A Comparison of Two Cheap 8-port SATA Controllers

Linux Software RAID Performance Comparisons

The Problem

There are very few SATA controllers available with multiple ports, and those that are avaiable usually are fairly expensive because they offer hardware RAID. However, running software RAID on a dedicated Linux fileserver has advantages in maintainability and disaster recovery.

These tests are designed to evaluate SATA controllers for use with software RAID. Any hardware RAID support provided by the card is ignored.

The Controllers

The Test System

The Test Matrix


For pure read workloads, the Promise card has more consistent performance and better scaling, especially with multiple outstanding I/O requests from multiple threads.

For mixed-write or pure-write, the Supermicro card does better, possibly because of a write-cache, but the Marvell 88SX6081 does not seem to have one. Perhaps the Promise card turns off the drive's write cahce? This may be of concern on high-availability system -- writes pending in cache during a power failure may never make it to disk.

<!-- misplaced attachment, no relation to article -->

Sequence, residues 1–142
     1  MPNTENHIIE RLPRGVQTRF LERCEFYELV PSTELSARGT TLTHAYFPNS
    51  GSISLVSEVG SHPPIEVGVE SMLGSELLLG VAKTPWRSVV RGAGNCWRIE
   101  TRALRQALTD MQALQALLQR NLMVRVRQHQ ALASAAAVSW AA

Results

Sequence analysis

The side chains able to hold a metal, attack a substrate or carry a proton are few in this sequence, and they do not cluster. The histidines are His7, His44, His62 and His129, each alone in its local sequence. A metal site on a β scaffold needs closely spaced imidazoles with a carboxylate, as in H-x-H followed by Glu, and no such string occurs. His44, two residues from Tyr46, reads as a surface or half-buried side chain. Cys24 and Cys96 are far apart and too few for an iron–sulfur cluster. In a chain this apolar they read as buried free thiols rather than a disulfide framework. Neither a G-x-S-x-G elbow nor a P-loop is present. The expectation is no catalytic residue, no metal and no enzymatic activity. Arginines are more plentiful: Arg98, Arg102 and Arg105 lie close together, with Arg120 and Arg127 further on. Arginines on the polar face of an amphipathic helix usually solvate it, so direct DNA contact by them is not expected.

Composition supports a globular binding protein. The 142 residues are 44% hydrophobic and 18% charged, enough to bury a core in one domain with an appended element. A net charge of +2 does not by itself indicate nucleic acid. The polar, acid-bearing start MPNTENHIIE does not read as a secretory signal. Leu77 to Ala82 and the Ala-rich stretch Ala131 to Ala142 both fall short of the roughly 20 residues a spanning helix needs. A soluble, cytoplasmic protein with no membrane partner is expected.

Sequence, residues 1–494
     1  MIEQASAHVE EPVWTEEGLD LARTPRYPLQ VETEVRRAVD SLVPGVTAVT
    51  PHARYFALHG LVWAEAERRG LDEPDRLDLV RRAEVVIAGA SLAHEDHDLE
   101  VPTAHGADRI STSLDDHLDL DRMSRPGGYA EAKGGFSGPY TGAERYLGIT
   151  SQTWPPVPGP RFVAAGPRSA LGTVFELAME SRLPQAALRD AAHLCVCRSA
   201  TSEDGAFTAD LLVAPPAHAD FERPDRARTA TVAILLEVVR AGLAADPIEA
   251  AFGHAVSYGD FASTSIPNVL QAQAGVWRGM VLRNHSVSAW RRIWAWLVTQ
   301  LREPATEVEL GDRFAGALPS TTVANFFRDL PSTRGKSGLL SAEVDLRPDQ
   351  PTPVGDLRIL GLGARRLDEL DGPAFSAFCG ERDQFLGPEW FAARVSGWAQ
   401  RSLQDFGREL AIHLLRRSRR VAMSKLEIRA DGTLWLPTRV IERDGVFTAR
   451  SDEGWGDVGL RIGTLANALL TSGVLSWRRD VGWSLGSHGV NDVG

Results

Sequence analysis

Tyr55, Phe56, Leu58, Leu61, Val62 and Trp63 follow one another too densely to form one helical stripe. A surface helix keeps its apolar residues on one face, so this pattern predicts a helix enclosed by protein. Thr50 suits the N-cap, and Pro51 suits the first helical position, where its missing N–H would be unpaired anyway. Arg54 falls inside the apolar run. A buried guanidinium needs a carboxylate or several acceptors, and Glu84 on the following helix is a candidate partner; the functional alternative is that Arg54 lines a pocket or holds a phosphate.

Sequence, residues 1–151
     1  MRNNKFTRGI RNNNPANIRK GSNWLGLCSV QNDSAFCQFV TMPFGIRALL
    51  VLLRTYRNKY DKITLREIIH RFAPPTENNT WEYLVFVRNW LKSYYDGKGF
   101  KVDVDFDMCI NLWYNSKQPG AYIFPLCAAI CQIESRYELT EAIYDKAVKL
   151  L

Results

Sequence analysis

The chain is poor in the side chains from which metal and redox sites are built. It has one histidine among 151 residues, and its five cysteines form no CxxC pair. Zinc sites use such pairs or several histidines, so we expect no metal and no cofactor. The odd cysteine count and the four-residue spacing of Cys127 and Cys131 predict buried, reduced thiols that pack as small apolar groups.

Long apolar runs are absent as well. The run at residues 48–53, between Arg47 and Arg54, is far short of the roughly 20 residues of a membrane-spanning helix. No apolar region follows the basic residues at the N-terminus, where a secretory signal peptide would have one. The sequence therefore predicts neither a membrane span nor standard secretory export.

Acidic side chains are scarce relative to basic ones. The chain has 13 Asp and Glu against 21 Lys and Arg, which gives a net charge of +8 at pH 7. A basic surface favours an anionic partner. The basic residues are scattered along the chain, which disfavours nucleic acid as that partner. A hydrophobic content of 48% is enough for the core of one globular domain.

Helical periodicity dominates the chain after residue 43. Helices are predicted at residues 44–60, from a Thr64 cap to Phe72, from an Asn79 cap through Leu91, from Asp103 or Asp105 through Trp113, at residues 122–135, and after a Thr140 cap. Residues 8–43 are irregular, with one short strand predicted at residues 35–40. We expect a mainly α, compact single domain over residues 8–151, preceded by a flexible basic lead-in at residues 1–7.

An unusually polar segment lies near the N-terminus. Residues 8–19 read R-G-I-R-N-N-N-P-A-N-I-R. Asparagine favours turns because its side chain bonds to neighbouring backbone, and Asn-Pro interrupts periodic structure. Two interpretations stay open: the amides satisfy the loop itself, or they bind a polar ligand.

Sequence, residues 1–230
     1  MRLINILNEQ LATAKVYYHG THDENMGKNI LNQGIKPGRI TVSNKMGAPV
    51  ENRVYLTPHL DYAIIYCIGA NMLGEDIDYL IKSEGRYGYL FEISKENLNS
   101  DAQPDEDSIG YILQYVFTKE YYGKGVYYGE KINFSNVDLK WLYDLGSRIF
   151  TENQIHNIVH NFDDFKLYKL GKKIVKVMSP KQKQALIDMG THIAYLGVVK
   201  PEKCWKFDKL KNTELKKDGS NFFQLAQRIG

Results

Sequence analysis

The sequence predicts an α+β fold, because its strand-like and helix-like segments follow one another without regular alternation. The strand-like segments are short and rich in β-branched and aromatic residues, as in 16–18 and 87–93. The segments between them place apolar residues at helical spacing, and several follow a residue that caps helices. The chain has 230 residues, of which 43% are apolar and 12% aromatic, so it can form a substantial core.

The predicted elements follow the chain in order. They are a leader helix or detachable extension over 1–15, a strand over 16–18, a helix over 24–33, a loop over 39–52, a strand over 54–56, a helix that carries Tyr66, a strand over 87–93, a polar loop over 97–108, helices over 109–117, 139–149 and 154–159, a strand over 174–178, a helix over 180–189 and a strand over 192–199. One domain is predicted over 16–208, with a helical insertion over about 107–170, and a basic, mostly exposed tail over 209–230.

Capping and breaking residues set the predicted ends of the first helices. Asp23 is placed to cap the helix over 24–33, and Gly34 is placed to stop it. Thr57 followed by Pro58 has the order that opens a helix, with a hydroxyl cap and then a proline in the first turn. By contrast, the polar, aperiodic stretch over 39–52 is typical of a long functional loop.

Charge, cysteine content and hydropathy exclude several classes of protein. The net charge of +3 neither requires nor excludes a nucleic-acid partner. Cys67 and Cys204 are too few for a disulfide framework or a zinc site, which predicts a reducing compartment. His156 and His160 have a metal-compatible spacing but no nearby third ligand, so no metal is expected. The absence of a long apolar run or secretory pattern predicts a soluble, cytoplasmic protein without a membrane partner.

For use on mostly-single-threaded read workloads, with occassional single-threaded writes, the Supermicro has superior price-performance characteristics.

Sequential Single Threaded Tests

Driver performance clearly peaks just under 100MB/s for reads. The Promise card scales slightly better for some large I/O sizes, but has much lower performance when writes are being performed. The Supermicro card has highly variable performance for a 100% write workload, but can has worst-case throughput about twice the Promise card.

Random Single Threaded Tests

For random I/O, the throughput is dominated by drive seek time (with the 64MB I/O rate approaching the pure sequential I/O rate). Again, the Supermicro card does much better with write workloads.

Sequential Multi-Threaded Tests

The Promise card clearly excels at multithreaded sequential reads, sustaining near-100MB/s throughput even at large I/O sizes, and scaling well when all 5 drives are in use. When writes are introduced, the cards are fairly similar, with the Supermicro doing much better for 100% write workloads.

Random Multi-Threaded Tests

The Promise card again excels at pure read performance and scalabilty, but when writes are introduced, the Supermicro leads.